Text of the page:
He drove the streets of London dressed in a combat uniform.

A quote from Renée Pomerance, judge of the Superior Court of Ontario

The magistrate recalled that he was a big consumer of far-right content on the Internet and manifestos linked to the ideology of white supremacy. The Crown argued during the trial that Nathaniel Veltman was a white supremacist who planned to commit a violent act.

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Ontario Superior Court Justice Renée Pomerance during the trial

< p class="StyledBodyHtmlParagraph-sc-48221190-4 hnvfyV">The judge says the murderer wanted to inspire other acts of violence. Nathaniel Veltman remained impassive when reading the decision.

Renée Pomerance also avoided naming the murderer in his entire decision, calling him the accused.

The author of a first-degree murder is automatically sentenced to life in prison without the possibility of parole for 25 years. The penalty for attempted murder can vary.

Canada's special representative in charge of the fight against Islamophobia, Amira Elghawaby, believes that the recognition of the terrorist act by the court will have will have a profound impact on Canadian society as a whole and will provide some comfort to communities who demand that our laws and institutions be fair and just.

She also believes the decision sends a clear message that Canada's Muslim communities must be protected from violent extremism.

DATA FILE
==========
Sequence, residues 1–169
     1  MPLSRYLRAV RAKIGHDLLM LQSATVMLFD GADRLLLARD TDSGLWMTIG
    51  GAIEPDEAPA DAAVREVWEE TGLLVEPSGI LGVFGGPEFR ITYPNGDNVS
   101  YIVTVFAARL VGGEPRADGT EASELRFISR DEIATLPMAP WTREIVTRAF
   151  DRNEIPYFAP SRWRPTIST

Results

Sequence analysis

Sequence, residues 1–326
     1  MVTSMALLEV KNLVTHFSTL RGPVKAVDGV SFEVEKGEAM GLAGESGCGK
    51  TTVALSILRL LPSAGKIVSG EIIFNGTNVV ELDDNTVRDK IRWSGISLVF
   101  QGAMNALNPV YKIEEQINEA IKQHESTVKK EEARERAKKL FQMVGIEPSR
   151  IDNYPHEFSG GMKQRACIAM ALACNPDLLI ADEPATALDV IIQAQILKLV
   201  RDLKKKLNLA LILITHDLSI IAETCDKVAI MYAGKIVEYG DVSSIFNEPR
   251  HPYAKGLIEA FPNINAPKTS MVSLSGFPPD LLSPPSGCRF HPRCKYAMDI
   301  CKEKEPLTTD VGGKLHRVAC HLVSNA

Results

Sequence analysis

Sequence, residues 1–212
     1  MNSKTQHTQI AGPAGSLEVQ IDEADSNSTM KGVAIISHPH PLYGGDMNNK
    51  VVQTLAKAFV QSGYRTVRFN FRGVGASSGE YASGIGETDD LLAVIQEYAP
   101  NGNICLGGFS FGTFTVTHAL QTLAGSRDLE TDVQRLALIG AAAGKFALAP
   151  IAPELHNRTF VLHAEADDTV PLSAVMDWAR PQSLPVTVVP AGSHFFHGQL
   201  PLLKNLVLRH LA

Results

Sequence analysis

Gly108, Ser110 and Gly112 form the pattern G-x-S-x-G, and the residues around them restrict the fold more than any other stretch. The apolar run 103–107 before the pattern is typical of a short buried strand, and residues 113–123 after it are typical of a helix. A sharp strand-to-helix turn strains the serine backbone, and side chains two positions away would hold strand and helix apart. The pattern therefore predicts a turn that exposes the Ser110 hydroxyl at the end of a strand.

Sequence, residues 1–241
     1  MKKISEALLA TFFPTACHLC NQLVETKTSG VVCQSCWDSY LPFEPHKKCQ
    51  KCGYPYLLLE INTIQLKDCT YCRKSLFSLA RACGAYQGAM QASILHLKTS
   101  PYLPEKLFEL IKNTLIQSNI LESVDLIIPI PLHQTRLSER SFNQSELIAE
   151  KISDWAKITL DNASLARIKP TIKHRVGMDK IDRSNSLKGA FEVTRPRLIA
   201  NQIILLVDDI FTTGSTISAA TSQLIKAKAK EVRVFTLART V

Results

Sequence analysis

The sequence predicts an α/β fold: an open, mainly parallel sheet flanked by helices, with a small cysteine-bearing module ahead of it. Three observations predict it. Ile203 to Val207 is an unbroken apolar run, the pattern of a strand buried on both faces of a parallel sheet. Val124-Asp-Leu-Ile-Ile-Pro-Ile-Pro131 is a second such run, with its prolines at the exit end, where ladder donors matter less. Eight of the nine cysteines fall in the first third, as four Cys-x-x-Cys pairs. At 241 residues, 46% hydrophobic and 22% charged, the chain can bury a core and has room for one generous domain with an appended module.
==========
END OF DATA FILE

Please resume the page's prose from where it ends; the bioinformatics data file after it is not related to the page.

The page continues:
Relatives of the victims spoke of an insurmountable emotional disaster at their sentencing hearing in January. They were then able to describe who the members of the decimated family were.

Salman Afzaal, the father of family, was the most radiant person, said his sister, Ayesha Shaukat. Her brother was overflowing with kindness.

When she was an undergraduate in Pakistan, Madiha Salman was the only woman of its engineering program. But that didn't discourage her, her mother, Tabinda Bukhari, told the audience.

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Tabinda Bukhari, the mother of Madiha Salman, one of the victims of the London attack in 2021, was among the relatives heard by the Ontario Superior Court of Justice. (Archive image)

She became my best friend growing up. We have a wonderful bond and discuss all kinds of topics.

A quote from Tabinda Bukhari, about her daughter, Madiha Salman

Talat Afzaal was a retired teacher and artist who mostly painted landscapes, until she began creating cartoon characters for her grandchildren.

Friends of Yumna Afzaal praised the girl during the sentencing hearing.

Yumna was more than a friend: she was a confidant, a support network, a classmate, a partner. study and a keeper of secrets, said her friend, Maryam Alsabawi.

With information from The Canadian Press

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Teilor Stone

By Teilor Stone

Teilor Stone has been a reporter on the news desk since 2013. Before that she wrote about young adolescence and family dynamics for Styles and was the legal affairs correspondent for the Metro desk. Before joining Thesaxon , Teilor Stone worked as a staff writer at the Village Voice and a freelancer for Newsday, The Wall Street Journal, GQ and Mirabella. To get in touch, contact me through my teilor@nizhtimes.com 1-800-268-7116